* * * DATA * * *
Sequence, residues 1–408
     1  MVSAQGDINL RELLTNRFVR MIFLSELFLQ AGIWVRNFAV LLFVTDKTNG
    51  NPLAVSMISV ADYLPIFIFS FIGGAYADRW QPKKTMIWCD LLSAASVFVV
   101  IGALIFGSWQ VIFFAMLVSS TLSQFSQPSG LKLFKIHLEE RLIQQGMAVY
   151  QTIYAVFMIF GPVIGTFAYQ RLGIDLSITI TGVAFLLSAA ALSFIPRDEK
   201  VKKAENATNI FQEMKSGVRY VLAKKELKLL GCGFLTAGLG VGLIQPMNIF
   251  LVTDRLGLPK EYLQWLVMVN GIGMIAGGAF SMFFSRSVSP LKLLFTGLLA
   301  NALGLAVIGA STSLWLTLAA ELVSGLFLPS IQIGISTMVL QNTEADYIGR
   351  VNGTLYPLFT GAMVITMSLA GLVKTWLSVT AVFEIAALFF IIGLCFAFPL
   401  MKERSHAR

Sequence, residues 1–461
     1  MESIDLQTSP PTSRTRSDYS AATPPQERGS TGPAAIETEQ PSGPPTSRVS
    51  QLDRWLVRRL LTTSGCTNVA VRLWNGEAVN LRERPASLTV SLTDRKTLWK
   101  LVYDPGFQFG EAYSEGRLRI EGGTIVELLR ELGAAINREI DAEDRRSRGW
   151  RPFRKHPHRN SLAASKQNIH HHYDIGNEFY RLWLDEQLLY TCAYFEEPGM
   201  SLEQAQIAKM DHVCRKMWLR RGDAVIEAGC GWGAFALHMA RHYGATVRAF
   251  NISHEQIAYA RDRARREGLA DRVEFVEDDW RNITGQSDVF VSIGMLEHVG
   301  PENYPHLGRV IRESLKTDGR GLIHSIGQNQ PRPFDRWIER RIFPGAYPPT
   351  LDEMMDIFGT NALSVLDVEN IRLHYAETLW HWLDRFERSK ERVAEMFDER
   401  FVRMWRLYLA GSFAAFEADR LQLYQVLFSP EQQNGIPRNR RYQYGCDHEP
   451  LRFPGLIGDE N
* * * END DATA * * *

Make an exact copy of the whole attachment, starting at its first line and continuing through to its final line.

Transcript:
Sequence, residues 1–408
     1  MVSAQGDINL RELLTNRFVR MIFLSELFLQ AGIWVRNFAV LLFVTDKTNG
    51  NPLAVSMISV ADYLPIFIFS FIGGAYADRW QPKKTMIWCD LLSAASVFVV
   101  IGALIFGSWQ VIFFAMLVSS TLSQFSQPSG LKLFKIHLEE RLIQQGMAVY
   151  QTIYAVFMIF GPVIGTFAYQ RLGIDLSITI TGVAFLLSAA ALSFIPRDEK
   201  VKKAENATNI FQEMKSGVRY VLAKKELKLL GCGFLTAGLG VGLIQPMNIF
   251  LVTDRLGLPK EYLQWLVMVN GIGMIAGGAF SMFFSRSVSP LKLLFTGLLA
   301  NALGLAVIGA STSLWLTLAA ELVSGLFLPS IQIGISTMVL QNTEADYIGR
   351  VNGTLYPLFT GAMVITMSLA GLVKTWLSVT AVFEIAALFF IIGLCFAFPL
   401  MKERSHAR

Sequence, residues 1–461
     1  MESIDLQTSP PTSRTRSDYS AATPPQERGS TGPAAIETEQ PSGPPTSRVS
    51  QLDRWLVRRL LTTSGCTNVA VRLWNGEAVN LRERPASLTV SLTDRKTLWK
   101  LVYDPGFQFG EAYSEGRLRI EGGTIVELLR ELGAAINREI DAEDRRSRGW
   151  RPFRKHPHRN SLAASKQNIH HHYDIGNEFY RLWLDEQLLY TCAYFEEPGM
   201  SLEQAQIAKM DHVCRKMWLR RGDAVIEAGC GWGAFALHMA RHYGATVRAF
   251  NISHEQIAYA RDRARREGLA DRVEFVEDDW RNITGQSDVF VSIGMLEHVG
   301  PENYPHLGRV IRESLKTDGR GLIHSIGQNQ PRPFDRWIER RIFPGAYPPT
   351  LDEMMDIFGT NALSVLDVEN IRLHYAETLW HWLDRFERSK ERVAEMFDER
   401  FVRMWRLYLA GSFAAFEADR LQLYQVLFSP EQQNGIPRNR RYQYGCDHEP
   451  LRFPGLIGDE N